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Mark Abadi/Business Insider

Source: Smithsonian


Dragon fruit is notable for its psychedelic appearance. Its texture is reminiscent of kiwi, and its taste is mildly sweet. The pink version is often used to give color to smoothies and other drinks.

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Wikimedia Commons/Roei Tabak

Source: Natural Food Series


Langsat is another popular fruit in Malaysia.

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Mark Abadi/Business Insider

Source: Purdue


Peel back the thin skin and you’ll find a translucent, juicy orb inside with a sweet and sour taste.

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Mark Abadi/Business Insider

Source: Purdue


Jackfruit looks like a durian from afar, only much bigger — imagine two watermelons side by side. There’s no putrid smell with this fruit, either.

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Mark Abadi/Business Insider

Source: Epicurious


The inside of a jackfruit contains dozens of pods of thick, chewy flesh — it’s sometimes used as a meat substitute in cooking. The taste is something like a banana and pineapple.

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Flickr Creative Commons/Will Power

Source: Epicurious


Another gargantuan fruit from Malaysia is the cempedak — pronounced with a “ch” sound. The pods inside a cempedak are a lot harder to reach than those of a jackfruit.

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Mark Abadi/Business Insider

Source: Migrationology


The flesh is also much more mushy and custardy than a jackfruit, although the appearance is similar.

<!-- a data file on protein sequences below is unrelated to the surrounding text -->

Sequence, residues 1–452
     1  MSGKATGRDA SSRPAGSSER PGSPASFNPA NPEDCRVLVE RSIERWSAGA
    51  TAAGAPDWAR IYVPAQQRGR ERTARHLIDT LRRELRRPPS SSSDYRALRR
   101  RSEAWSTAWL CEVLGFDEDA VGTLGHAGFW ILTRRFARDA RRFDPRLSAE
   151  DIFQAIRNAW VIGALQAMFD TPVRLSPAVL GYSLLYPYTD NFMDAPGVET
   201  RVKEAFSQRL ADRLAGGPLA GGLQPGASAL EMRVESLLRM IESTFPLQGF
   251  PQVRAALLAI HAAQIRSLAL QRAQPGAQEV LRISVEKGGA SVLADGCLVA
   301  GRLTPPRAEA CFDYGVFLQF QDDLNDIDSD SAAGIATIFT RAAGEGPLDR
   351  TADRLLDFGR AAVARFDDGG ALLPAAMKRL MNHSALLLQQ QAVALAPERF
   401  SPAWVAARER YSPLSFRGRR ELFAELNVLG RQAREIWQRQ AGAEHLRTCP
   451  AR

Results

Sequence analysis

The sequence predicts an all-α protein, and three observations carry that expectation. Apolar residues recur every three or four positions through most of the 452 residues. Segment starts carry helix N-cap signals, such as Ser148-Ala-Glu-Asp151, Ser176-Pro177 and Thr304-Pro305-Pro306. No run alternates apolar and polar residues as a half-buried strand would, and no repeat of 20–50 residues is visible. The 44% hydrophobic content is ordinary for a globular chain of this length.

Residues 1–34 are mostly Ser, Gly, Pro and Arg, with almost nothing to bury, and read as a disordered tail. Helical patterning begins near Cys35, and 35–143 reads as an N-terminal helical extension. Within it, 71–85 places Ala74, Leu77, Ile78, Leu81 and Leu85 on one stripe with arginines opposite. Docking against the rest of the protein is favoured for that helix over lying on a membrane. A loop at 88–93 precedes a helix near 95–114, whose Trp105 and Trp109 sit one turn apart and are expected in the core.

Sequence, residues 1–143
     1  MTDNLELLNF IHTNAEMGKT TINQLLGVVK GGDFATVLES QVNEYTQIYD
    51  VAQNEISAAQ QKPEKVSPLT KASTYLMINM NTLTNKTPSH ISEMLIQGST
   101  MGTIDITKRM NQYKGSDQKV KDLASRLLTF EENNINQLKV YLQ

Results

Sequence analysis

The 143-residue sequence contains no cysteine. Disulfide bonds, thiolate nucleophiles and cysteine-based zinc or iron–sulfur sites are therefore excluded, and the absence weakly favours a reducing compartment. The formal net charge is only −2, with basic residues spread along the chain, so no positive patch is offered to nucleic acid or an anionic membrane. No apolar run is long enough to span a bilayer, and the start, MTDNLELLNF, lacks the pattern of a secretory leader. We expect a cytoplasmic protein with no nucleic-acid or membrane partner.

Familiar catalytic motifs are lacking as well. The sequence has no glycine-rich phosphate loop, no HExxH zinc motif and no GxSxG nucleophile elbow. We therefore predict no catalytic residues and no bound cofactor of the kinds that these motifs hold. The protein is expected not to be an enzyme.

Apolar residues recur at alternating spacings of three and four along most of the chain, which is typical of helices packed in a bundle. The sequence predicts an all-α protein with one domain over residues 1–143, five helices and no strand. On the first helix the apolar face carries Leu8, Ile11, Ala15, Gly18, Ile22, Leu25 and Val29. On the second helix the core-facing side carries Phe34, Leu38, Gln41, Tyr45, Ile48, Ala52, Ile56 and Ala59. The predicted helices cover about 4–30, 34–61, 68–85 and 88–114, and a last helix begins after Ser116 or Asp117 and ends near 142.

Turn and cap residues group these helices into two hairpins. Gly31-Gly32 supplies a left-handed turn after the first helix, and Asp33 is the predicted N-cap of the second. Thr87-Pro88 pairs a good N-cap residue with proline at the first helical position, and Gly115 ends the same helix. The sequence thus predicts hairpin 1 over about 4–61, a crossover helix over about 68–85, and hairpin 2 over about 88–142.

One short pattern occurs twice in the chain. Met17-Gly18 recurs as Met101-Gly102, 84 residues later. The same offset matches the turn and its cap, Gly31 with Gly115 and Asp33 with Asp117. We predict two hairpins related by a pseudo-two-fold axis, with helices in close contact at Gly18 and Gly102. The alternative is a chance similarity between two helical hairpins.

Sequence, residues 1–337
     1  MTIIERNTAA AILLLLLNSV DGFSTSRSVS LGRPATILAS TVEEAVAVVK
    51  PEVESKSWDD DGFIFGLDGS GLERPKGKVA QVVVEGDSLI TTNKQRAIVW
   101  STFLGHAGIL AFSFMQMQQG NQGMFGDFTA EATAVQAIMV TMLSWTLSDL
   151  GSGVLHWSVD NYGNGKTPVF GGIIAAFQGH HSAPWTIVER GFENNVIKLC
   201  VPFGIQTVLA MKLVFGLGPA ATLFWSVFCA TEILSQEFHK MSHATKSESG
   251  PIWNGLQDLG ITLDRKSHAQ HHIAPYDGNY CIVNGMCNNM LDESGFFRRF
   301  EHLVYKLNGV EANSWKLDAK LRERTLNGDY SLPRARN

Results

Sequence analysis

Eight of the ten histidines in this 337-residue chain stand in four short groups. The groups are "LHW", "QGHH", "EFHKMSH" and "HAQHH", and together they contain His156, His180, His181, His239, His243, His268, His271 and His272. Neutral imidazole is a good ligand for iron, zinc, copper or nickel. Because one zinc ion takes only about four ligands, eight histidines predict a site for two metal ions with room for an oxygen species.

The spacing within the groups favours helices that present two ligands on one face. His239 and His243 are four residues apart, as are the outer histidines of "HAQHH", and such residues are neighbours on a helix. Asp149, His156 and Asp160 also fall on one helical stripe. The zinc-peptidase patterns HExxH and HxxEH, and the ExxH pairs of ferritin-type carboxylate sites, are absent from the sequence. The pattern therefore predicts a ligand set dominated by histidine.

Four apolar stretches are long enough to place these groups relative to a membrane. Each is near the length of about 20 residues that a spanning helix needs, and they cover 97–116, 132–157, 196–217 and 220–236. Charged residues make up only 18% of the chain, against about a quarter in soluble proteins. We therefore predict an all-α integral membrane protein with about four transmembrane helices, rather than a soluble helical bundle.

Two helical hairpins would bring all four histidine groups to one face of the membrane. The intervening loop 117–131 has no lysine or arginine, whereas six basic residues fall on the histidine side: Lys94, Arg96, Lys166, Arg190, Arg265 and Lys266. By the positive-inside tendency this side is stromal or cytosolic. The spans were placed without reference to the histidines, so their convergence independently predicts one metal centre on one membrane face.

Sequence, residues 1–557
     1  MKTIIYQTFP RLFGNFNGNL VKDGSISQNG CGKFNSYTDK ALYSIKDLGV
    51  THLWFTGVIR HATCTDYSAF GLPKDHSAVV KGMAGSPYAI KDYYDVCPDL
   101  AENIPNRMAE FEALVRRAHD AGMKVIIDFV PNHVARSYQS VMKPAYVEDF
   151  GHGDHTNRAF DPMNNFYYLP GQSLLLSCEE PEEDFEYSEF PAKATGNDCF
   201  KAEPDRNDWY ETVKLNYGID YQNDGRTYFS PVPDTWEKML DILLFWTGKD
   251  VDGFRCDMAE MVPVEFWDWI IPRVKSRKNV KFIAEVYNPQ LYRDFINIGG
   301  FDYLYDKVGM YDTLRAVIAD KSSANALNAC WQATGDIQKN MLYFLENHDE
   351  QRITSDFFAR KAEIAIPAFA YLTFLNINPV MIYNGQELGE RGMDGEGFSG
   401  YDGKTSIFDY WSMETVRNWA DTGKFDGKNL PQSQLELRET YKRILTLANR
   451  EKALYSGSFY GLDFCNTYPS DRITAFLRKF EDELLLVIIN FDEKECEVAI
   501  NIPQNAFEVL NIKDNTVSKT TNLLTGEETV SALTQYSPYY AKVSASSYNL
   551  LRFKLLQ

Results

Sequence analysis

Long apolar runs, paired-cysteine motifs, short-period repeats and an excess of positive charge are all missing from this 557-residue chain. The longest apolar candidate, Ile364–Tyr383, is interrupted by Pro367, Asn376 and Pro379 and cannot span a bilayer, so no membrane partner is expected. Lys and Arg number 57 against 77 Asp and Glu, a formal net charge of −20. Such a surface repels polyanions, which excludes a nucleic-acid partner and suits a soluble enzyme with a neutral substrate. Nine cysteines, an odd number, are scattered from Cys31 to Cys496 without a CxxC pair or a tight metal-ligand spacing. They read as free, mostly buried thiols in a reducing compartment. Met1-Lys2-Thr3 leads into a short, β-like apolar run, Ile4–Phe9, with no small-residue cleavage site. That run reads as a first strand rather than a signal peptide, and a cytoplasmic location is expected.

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Mark Abadi/Business Insider

Source: Migrationology


Pulasan has a tough exterior, but it’s easy to break open.

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Wikimedia Commons

Source: Purdue


On the inside is a juicy sphere that has a complex flavor that’s fragrant, sweet, and slightly tangy.

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Mark Abadi/Business Insider

Source: Purdue


Mata kucing is Malay for “cat’s eye” — no surprise why once you open one.

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Wikimedia Commons/Yosri

Source: Food Facts


Asian pears are crisp and fragrant, and have the texture of an apple.

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Wikimedia Commons

Source: Specialty Produce


Lychee is an Asian fruit many Americans may be familiar with. It’s common for Malaysians to put lychee in their iced tea.

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Flickr Creative Commons/ClickE

Source: Food Facts


The jambu air, or water apple, has a crisp, watery texture.

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Wikimedia Commons

Source: Encyclopedia of Fruits and Nuts


And the taste of a soursop might catch you off guard — it’s thick, somewhat creamy, and a mixture of sweet, sour, and musky.

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Wikimedia Commons

Source: Soursop Store